This documentary about Māori writer Witi Ihimaera features him in conversation with filmmaker Merata Mita. Ihimaera traverses his life and writing career, emphasising the importance of family (particularly his mother and grandmother) and his overriding Māori identity. Aileen O'Sullivan's film features a star-studded assemblage of local literature — Keri Hulme, Albert Wendt, publisher Geoff Walker — and a dramatised excerpt from his novel Bulibasha ( featuring Rena Owen, Michael Hurst and Rawiri Paratene), shot roughly two decades before 2016 movie adaptation Mahana.
Biographer Michael King takes us through the life of pioneering writer Frank Sargeson: from puritanical parents to self-discovery in London, through to decades encouraging an emerging tide of New Zealand writers. The documentary’s most priceless moments are the tales told when four of those writers return to Sargeson’s fabled fibrolite bach, in Takapuna. Kevin Ireland calls it an “oasis, this marvellous place where books ruled supreme”. Sargeson’s purposefuly minimalistic writing style, the doco argues, helped NZ literature find its own voice.
Viewable in full, comedy/drama Hopeless is a portrait of Wellington 20-somethings attempting to get along with crushes, exes, and never weres. Well-meaning Ben (Phil Pinner) finds himself becoming relationship therapist to two friends, despite possessing a dangerously unstoppable mouth. Hamstrung by an advertising campaign highlighting Pinner sitting on a toilet, Hopeless won warm reviews. It also offered impressive movie debuts for Mia Blake (No. 2), Scott Wills (Stickmen) and a hilariously unhinged Adam Gardiner (Agent Anna). Spin-off TV series Lovebites followed.
Astronomy-obsessed worrier Richard meets part-Italian Johnny, a man whose idea of a holiday involves breaking into the nearest bach. Pitched at gay and straight alike, the pair's lighthearted but occasionally troubled romance featured extensive footage of central Auckland circa 1988 (courtesy of director Garth Maxwell’s own central Queen Street digs), plus images of space — for Richard a place of both beauty and potential disaster. Beyond Gravity won local theatrical screenings, and a scriptwriting award in France. This excerpt features the opening 10 minutes of the 48 minute film.
"...I mean to say, shouldn't I be in love with a fella or something?" Mandy (Richard Hanna), a man who dresses as a woman, describes his relationship with transsexual Jewel (future politician Georgina Beyer). Jewel's Darl concentrates on the fine details of their relationship: tea and biscuits in bed, Jewel's belief in staying strong against other people's mockery, and Mandy's memories of a troubled childhood. Nominated for multiple NZ Film and Television awards after finally getting a TV slot, Peter Wells' drama was inspired by an Anne Kennedy short story, which won the 1983 Katherine Mansfield Award.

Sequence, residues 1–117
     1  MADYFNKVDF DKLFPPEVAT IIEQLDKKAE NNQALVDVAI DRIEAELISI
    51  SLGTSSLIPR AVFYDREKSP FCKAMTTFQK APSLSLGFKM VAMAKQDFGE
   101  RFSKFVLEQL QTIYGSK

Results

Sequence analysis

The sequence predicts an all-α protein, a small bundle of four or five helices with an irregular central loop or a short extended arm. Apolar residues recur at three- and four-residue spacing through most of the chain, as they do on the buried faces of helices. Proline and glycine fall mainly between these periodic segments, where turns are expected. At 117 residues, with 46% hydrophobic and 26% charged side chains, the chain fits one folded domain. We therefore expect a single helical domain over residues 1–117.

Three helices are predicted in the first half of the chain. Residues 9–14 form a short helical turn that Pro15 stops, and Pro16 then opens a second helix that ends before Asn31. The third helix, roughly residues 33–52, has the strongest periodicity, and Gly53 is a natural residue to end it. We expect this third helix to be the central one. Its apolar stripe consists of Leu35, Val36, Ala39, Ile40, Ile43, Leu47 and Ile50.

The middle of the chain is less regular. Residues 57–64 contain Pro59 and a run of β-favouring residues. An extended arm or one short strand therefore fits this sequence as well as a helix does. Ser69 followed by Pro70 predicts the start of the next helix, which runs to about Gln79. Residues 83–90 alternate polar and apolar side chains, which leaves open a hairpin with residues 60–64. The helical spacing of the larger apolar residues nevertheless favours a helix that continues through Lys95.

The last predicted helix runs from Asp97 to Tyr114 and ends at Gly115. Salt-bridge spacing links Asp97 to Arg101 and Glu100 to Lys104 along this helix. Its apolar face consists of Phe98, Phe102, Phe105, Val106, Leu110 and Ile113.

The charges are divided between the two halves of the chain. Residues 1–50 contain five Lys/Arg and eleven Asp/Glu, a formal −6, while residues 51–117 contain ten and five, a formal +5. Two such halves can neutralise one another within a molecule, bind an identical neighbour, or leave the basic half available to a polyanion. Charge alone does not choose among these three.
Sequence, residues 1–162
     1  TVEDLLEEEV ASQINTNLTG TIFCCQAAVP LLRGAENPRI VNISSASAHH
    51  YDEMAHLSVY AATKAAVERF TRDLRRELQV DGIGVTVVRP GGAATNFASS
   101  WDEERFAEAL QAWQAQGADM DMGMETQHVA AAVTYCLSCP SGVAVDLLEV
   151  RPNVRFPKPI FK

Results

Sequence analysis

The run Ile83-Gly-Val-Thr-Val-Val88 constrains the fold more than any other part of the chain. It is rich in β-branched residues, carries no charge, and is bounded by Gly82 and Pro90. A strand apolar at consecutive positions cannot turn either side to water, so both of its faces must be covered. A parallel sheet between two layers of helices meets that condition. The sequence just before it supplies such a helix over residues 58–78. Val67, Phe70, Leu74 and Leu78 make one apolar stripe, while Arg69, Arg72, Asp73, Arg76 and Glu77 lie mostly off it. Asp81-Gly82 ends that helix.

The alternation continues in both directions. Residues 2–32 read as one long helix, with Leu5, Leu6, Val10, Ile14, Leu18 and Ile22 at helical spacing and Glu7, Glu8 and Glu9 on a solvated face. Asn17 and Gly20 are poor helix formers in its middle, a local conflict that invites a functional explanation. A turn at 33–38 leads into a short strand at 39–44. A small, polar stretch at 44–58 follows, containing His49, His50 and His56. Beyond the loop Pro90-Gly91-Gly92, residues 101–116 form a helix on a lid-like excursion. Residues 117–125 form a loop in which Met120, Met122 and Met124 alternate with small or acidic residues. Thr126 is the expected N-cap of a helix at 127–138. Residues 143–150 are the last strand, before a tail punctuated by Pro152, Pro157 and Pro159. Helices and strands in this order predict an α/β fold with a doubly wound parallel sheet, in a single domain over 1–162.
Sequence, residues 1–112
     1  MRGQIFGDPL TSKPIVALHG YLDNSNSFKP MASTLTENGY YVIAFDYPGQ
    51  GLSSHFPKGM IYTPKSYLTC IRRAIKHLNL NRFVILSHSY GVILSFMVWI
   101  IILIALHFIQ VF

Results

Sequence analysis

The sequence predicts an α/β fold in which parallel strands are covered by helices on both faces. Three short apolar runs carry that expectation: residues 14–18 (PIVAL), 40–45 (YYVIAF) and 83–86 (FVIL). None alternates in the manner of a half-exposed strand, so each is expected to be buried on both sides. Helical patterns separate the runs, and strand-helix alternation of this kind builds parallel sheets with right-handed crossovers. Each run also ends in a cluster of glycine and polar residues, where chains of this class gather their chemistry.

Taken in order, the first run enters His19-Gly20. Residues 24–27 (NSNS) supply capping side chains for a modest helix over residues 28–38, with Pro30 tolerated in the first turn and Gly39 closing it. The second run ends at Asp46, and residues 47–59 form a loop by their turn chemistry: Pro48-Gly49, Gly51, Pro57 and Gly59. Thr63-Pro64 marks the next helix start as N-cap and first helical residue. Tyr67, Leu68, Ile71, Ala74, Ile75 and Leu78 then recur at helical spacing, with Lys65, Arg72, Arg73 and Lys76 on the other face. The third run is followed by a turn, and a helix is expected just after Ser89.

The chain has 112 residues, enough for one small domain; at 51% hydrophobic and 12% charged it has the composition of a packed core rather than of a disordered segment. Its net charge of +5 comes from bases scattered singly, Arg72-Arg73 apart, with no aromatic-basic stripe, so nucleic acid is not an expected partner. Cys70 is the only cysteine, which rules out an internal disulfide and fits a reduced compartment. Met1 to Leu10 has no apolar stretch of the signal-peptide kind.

In Boy, a college-aged rent boy exposes the truth about the death of a girl in a hit and run accident. Using typography that hovers on screen in place of dialogue, flares of bold colour, dioramic frames, and brutal portraiture reminiscent of Dianne Arbus, director Welby Ings creates a powerful, exquisite perspective on the silent claustrophobia and sexual violence of small town New Zealand. The film gained acclaim both at home and internationally. Accolades included Best Short Film at Cinequest in the United States.
One of Them! was one of two dramas (alongside Niki Caro movie Memory and Desire) inspired by short stories collected in Peter Wells' 1991 book Dangerous Desires. It was made for TV One as a Montana Sunday drama. Set in Auckland, 1965, One of Them! follows Lemmy and Jamie, two teenage boys coming to terms with their sexuality. In the dark days before gay liberation, bullying and intimidation was rife, and while the boys flaunt their sissyness, their internalised homophobia wreaks havoc on their emotional lives — until they can admit to being "one of them".
In 1996 Tony Sutorius got his hands on a new digital video camera, days before the start of an election campaign in Wellington Central. Made on the proverbial shoestring, this feature-length documentary chronicles five of those battling for the crown as a new political age — MMP — dawns. Richard Prebble joins a new party called Act, the National candidate joins United New Zealand… and one of the five will be sacrificed by their own party. Sutorius sat through 55 hours of footage to forge the result, which won enthused, sellout audiences at the 1999 NZ Film Festival.
They came, they battered, they bickered. Peter Hudson and David Halls were as famous for their on-screen spats as their recipes. The couple ("are we gay? Well we're certainly merry") turned cooking into comedy, and won Entertainer of the Year at the 1981 Feltex Awards. This 73-minute documentary explores their enduring relationship and tragic passing — from memorable early days entertaining dinner guests at home and running a shoe store, through to television fame in NZ and the UK. The interviews include close friends and many of those who worked with them in television.
In this feisty late 1976 The Friday Conference interview, host Gordon Dryden holds Prime Minister Muldoon to account over his 1975 election pledges. Dryden challenges Muldoon’s touting of freedom (amidst price freezes, wage controls and an All Blacks tour to apartheid South Africa), and the PM's description of himself as a liberal (with heated talk about insults traded during the Colin Moyle affair). Dryden evokes the spectre of the McCarthy era, and a pugnacious Muldoon invokes “the ordinary bloke”. Muldoon later refused to be interviewed by Dryden again for the show.